These Maryland wineries are worth a visit
Bill Loew started planting in 1982, and the first bottle at Loew Vineyards was sold in 1986. Most of the grapes here are hardy cold-weather hybrids from the 1980s plantings. You can find chancellor, Marechal Foch, reliance and vidal blanc, all of which were popular in the early days of Maryland winemaking. There are also a few wines with local honey, strawberry, blackberry and other fruits blended in semisweet and sweet styles. The tasting room is old school, barely a shed cut into the hillside. We visited early on a cold day and we may have surprised Bill’s granddaughter, Rachel Lipman, who came down from the main house to fire up the space heater. We drank our first tastes in gloves as Lipman told stories about making her own blends of wine and growing up at the winery.
Highlights: Two Consenting Grapes features vidal blanc and reliance grapes in a simple, juicy-tasting summer sipper. Chancellor and Marechal Foch come together pleasantly in Classic Red to create a peppery, medium-bodied wine without any of the “foxy” wild animallike notes often found in red hybrid varietals. The chancellor shows up blended with cabernet franc in Harvest Red Reserve, a big round blend that can stand up to a cold-weather meal. Among the fruit-based wines, the Honey & Grape is a properly balanced sweet wine we are told is a long family tradition, and the blackberry flavored Country Classic would be refreshing lightly chilled as the weather warms up.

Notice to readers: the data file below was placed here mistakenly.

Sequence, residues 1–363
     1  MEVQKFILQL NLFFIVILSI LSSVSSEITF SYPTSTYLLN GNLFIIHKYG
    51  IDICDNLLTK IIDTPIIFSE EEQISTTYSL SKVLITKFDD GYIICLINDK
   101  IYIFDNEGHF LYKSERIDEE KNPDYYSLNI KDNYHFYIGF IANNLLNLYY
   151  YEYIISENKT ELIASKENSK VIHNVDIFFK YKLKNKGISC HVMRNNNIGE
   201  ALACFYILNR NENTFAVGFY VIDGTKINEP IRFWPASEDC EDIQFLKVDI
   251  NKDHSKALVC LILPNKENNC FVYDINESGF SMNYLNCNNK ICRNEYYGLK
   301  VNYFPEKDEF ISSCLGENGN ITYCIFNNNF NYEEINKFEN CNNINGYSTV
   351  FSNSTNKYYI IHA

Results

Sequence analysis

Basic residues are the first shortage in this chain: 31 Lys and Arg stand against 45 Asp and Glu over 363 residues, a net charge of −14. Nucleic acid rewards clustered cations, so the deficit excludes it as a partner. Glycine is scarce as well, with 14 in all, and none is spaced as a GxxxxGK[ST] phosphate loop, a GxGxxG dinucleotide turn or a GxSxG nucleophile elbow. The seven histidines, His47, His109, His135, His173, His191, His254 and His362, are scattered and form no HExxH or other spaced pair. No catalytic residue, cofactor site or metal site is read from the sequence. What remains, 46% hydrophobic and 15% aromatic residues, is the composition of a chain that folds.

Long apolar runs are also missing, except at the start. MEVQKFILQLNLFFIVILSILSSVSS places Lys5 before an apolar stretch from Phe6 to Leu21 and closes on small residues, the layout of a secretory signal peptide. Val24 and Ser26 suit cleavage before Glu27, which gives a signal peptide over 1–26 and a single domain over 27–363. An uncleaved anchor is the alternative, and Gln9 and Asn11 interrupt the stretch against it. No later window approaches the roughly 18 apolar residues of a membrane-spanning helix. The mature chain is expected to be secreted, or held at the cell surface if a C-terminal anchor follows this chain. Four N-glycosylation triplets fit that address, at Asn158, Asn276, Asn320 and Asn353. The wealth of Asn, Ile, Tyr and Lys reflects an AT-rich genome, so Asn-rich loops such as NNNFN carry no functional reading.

Loew Vineyards is a family business with Maryland staples from yesteryear. Lipman says she has a few surprises up her sleeve on the wine front that she will introduce after she perfects her clandestine blends and earns her grandfather’s approval.
Prices: Tastings are $8; bottles range from $15 to $26.
Food: Cheese and crackers are available.
Extras: Some local crafts are on sale.
14001 Liberty Road, Mount Airy; 301-831-5464; loewvineyards.net